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Old-School Politics Reign in California's New Primary

Douglas Graham/CQ Roll Call File Photo
California’s new primary system helped Miller, a Republican, win in the 31st District last year, despite the area’s decidedly Democratic bent.

California’s new top-two primary system was supposed to revolutionize the state’s political process. Instead, it’s forcing candidates to revert to an antiquated practice: competing for the state party’s endorsement.

Passed by a state ballot initiative in 2010, local operatives intended the top-two primary to elect moderate and independent candidates to Congress, or at least that’s how it was sold to voters. Instead, the new primary system — which moves the top two vote recipients to the general election regardless of party affiliation — has led to a number of crowded, bitter intraparty battles, even in safe Democratic or Republican seats.

An endorsement from the state party can help distinguish a candidate in a crowded field. Most importantly for Democrats, the party’s backing can come with ground support to help low-information voters coalesce around a candidate.

“The top-two primary returns us to the days when old-fashioned, retail politics is critical, and the value of the endorsement is heightened,” said Eric Bauman, chairman of the Los Angeles Democratic Party and past delegate to the state party conventions.

Last year, the party’s endorsement helped at least two Democrats in crowded primaries: Reps. Julia Brownley and Alan Lowenthal. Brownley defeated three Democrats and a formidable independent challenger in the primary; Lowenthal emerged as the top candidate from a pool of four Democrats.

This cycle, the 31st District is a prime example of a race where a party endorsement could help a candidate emerge from a crowded field. The Democrats there are already locked in a fierce battle over local and national endorsements.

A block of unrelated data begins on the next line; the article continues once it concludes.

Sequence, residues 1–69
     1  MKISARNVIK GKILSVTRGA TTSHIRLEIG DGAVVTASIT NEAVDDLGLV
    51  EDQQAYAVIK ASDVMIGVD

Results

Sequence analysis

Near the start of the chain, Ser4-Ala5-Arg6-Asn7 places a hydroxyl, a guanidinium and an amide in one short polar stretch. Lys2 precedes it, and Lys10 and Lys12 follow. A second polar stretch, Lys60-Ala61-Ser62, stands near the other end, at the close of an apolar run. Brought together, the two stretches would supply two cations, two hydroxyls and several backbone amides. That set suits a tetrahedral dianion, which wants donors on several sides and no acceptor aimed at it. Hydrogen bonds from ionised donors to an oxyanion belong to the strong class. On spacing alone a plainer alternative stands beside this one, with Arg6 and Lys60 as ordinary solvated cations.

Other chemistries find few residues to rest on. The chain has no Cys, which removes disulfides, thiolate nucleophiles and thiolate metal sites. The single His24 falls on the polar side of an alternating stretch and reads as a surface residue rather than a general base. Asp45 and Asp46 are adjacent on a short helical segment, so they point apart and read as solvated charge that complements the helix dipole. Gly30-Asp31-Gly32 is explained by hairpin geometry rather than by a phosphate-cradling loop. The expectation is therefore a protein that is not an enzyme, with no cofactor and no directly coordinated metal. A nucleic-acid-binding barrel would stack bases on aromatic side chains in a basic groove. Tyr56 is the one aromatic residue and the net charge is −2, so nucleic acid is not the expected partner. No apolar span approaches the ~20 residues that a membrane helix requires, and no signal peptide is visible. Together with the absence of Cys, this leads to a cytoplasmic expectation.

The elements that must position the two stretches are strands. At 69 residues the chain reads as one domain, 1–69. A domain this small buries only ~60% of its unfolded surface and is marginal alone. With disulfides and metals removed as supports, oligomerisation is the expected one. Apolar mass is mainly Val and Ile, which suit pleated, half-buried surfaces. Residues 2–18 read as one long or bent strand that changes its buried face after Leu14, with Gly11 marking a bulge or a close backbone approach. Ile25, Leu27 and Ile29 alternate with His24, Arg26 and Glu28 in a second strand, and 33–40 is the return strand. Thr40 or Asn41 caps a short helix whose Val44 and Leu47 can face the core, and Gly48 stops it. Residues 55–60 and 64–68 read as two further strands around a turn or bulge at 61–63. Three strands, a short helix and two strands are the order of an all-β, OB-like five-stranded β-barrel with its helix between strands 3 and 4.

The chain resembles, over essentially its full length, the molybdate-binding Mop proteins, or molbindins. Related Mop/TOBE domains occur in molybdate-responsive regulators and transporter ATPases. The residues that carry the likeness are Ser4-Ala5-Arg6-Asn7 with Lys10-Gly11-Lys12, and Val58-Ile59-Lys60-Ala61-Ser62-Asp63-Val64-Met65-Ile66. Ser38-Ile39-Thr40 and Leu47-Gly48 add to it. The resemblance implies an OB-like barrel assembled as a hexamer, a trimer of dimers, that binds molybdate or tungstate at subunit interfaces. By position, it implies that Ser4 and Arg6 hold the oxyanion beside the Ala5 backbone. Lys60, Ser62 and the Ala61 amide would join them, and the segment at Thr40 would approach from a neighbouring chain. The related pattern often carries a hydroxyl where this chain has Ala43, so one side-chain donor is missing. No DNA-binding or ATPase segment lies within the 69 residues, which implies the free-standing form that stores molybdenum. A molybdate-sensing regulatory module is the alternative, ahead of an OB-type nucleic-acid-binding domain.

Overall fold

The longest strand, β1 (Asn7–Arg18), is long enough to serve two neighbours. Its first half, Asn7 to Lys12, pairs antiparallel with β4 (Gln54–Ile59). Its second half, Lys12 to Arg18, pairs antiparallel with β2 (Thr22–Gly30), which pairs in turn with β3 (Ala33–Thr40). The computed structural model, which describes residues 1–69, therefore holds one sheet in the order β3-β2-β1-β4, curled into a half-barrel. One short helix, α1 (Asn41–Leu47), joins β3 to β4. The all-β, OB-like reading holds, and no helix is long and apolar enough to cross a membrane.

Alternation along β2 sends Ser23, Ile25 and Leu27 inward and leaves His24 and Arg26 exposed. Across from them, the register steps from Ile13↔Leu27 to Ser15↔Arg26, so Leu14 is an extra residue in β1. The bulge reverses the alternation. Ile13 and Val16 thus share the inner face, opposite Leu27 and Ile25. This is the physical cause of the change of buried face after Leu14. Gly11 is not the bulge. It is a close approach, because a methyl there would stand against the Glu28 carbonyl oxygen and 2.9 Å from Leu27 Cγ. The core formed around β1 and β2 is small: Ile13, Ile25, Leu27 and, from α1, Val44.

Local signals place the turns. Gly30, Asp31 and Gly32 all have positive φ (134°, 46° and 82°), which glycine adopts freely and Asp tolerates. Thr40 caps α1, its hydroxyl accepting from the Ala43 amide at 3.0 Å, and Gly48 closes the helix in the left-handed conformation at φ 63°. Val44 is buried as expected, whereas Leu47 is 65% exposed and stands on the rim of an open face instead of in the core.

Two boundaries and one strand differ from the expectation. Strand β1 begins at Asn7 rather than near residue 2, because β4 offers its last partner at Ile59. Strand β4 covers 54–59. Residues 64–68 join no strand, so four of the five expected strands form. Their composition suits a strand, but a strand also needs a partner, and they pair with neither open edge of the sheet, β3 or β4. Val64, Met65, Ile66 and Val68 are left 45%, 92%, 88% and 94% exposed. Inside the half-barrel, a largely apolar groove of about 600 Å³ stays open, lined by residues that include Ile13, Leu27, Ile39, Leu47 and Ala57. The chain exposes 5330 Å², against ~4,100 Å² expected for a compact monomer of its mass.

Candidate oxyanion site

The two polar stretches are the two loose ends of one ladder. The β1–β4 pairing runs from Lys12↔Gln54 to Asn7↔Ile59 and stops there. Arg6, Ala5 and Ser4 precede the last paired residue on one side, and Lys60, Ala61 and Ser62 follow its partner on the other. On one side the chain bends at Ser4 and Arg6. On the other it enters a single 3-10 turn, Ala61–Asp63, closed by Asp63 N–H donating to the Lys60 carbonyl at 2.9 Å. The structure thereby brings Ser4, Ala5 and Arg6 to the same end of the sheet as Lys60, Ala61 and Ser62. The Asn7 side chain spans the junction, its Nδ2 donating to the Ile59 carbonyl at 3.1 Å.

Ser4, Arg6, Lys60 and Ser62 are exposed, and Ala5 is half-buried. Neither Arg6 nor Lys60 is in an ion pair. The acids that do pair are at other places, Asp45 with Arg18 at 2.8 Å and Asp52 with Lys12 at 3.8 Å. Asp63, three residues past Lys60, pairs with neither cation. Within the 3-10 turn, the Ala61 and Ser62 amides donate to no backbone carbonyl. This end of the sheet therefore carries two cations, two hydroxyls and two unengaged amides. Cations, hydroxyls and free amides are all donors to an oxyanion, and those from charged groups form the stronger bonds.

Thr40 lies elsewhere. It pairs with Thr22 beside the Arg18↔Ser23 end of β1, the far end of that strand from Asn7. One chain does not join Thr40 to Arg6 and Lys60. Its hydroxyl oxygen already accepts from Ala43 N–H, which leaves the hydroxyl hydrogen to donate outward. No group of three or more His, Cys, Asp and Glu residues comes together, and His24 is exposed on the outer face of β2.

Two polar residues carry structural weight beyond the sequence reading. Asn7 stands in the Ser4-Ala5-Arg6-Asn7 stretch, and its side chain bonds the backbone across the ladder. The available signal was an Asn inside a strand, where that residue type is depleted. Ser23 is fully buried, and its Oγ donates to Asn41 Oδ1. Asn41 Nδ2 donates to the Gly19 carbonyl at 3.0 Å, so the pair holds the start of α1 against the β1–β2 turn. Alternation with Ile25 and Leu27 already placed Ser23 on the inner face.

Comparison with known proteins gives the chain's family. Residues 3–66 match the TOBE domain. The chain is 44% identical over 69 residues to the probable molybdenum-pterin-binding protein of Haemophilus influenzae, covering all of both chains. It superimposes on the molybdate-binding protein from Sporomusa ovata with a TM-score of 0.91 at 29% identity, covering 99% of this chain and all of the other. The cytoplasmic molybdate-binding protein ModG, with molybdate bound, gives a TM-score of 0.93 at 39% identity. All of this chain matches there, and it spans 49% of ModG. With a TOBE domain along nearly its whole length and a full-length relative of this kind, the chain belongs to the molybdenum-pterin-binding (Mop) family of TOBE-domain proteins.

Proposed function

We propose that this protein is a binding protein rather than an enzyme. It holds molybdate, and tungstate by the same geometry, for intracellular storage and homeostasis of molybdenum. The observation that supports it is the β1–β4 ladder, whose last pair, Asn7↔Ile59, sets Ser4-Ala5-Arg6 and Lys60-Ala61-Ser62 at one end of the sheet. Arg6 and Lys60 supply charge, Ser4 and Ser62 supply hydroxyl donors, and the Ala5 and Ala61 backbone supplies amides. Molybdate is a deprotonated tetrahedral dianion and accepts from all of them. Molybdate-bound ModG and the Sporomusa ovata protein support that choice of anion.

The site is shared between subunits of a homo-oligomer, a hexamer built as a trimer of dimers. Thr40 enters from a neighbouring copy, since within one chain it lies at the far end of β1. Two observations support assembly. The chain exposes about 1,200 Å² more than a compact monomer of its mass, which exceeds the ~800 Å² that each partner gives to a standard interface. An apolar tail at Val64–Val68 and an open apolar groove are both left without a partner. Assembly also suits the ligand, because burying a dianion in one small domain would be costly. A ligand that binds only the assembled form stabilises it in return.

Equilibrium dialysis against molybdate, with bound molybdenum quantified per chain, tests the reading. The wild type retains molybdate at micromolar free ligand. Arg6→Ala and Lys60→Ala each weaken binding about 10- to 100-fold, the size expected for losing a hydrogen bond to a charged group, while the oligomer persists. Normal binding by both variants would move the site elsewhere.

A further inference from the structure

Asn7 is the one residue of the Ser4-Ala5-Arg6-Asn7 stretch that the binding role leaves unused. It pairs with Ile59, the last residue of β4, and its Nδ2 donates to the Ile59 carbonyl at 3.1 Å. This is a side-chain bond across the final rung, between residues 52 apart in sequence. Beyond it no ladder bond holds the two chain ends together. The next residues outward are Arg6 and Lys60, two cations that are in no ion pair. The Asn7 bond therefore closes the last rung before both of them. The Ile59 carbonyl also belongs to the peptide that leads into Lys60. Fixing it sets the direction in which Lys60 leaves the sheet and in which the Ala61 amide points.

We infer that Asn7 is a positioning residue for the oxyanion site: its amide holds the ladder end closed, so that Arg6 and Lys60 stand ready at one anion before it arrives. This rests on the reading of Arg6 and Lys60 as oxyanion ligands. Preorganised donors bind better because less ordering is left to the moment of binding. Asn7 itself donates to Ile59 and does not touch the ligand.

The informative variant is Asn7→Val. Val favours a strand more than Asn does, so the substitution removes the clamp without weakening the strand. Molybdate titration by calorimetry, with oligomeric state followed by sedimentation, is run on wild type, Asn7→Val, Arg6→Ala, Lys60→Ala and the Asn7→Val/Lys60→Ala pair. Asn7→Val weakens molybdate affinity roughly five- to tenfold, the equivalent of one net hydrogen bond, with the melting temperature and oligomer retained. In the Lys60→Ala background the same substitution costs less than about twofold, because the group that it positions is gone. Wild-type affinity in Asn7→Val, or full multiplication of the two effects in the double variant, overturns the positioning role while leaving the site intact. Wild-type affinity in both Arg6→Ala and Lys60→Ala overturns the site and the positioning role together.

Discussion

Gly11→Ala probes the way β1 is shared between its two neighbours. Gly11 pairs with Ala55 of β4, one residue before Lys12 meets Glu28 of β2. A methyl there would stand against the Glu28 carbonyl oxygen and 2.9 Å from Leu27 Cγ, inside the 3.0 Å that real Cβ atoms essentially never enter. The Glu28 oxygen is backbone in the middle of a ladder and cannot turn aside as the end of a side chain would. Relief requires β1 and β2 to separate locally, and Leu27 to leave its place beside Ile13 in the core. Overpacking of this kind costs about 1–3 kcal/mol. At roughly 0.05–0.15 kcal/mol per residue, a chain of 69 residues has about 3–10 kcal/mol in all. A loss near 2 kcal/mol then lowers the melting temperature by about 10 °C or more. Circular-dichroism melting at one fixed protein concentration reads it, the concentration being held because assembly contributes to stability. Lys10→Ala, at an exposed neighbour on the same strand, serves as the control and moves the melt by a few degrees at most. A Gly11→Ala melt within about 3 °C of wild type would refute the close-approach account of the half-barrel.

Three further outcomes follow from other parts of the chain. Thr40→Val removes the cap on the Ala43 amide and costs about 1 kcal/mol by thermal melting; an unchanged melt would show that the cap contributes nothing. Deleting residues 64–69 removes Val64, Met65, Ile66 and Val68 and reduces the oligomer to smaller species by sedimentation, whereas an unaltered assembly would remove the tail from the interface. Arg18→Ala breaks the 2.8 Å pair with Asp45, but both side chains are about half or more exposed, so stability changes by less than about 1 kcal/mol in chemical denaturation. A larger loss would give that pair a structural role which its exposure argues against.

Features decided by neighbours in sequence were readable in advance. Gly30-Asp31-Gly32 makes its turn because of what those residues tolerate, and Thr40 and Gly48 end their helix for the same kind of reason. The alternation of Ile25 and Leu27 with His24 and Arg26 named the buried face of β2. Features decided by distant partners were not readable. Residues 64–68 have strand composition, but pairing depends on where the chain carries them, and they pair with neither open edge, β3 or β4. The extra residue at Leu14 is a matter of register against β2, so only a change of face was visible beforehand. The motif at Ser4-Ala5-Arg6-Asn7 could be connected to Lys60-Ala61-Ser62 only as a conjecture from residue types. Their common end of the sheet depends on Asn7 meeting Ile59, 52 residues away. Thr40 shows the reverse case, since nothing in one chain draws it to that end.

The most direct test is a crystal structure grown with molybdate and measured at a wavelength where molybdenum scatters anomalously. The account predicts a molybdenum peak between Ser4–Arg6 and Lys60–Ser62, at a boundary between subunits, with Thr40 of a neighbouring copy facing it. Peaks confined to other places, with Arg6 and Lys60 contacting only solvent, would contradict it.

The Democratic Congressional Campaign Committee and most Democrats in the state’s congressional delegation support Redlands Mayor Pete Aguilar. But former Rep. Joe Baca is also running, along with attorney Eloise Reyes, who has support from EMILY’s List, a group that backs female candidates who support abortion rights. Local school board official Danny Tillman is in the race, too.

Democratic onlookers fear the grudge match will hurt their chances of ousting GOP Rep. Gary G. Miller, who won the election last year despite the district’s strong Democratic leaning. In 2012, Miller and another Republican won the new top-two primary after several Democratic candidates — including Aguilar — split their party’s vote.

With the same number of Democratic candidates in the race this cycle, party consultants say an endorsement could help voters coalesce around one hopeful and ensure victory.

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